Goal Setting For Good Mental Health
We regularly talk about setting goals in different areas of our lives. In work, for example, even ‘to-do’ lists are, in fact, mini goal setting exercises which we do daily or weekly. In our personal lives, we often set goals for physical health issues such as stopping smoking or losing weight, or even for practical things such as having the kitchen done or moving house.
When we think about goal setting, however, we don’t usually think about mental health – even though this has the greatest impact on our quality of life.
Goal setting is all about making positive change, so why does mental health often get overlooked?
For some reason, mental health and physical health still haven’t quite got equal billing yet. Perhaps that’s because physical health is easier to understand and more visible. Certainly, if we are asked about our health, it’s easier, for example, to say that you’re still shaking off a nasty cold, rather than disclosing anxiety or depression, which can feel uncomfortable or exposing. Things ARE changing but it sadly sigma still exists.
But mental health is so important to us, so what sort of goals can you set to promote emotional well-being and happiness?
- Practice relaxation on a regular basis. Life can be stressful so a goal which promotes relaxation and calm can only have positive benefits for both physical and mental well-being. The first step here is to find the relaxation techniques and activities that suit you best – and then practice them.
- Look closely at your relationships and remove toxicity. We all have that one friend or family member that literally ‘sucks the life’ out of us, that reacts negatively to every positive suggestion, that constantly takes but never gives in return. Perhaps now it’s time to ask yourself some searching questions about these sorts of relationships … and then make some changes. There is no rule that friends or even family members need to be in your life forever – remember that it’s your life and you make the rules.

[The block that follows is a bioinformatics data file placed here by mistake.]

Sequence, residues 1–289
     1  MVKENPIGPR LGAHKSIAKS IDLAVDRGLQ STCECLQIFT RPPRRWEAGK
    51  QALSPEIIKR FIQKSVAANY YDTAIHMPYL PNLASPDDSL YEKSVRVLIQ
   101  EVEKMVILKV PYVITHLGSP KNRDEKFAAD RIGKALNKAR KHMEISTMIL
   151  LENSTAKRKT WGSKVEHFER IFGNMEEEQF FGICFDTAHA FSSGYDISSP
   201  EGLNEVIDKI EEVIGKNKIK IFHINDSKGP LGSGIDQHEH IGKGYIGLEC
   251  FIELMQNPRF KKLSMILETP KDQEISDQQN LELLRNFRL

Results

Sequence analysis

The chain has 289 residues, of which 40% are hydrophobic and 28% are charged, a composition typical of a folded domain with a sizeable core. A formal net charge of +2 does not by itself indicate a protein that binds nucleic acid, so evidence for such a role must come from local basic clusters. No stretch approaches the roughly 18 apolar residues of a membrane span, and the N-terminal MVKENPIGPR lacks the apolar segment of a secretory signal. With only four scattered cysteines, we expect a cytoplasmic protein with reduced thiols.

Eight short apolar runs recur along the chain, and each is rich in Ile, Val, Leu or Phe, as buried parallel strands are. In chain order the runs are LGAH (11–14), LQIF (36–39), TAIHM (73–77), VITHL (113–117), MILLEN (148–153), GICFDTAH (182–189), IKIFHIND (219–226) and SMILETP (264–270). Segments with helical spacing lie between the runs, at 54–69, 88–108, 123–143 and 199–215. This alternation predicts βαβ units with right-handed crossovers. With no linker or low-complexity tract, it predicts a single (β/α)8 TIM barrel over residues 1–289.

- Set boundaries in both your personal life and at work. You may feel that it’s unreasonable for colleagues to be emailing or phoning you in your leisure time (it is!). However, if you always respond, then the message that you are giving out is that it’s perfectly acceptable. Work out your own boundaries and stick to them. Likewise, if you are always on-call for a friend to the detriment of your own mental health then it’s time for a conversation about what your boundaries are and how your needs can be met too.
- Limit time on social media. A BBC Future article (2018) references a study by the charity Scope, which points to more 50% of young women experiencing lower self-esteem having spent time on social media. A further study by researchers at Penn State University suggests that viewing other people’s selfies lowers self-esteem because of negative comparisons with their own lives.
- Learn to let anger go. Sometimes we hold on to bad situations so much that it impacts our own health. Accept that some situations or people may not change. Some things are out of our control and however much we rail against that, it changes nothing. Moving on, however, IS in our control.
- Look after yourself in an active way. Good mental health doesn’t just happen. We are often more pro-active with physical health but mental health is exactly the same – we sometimes need to work at it.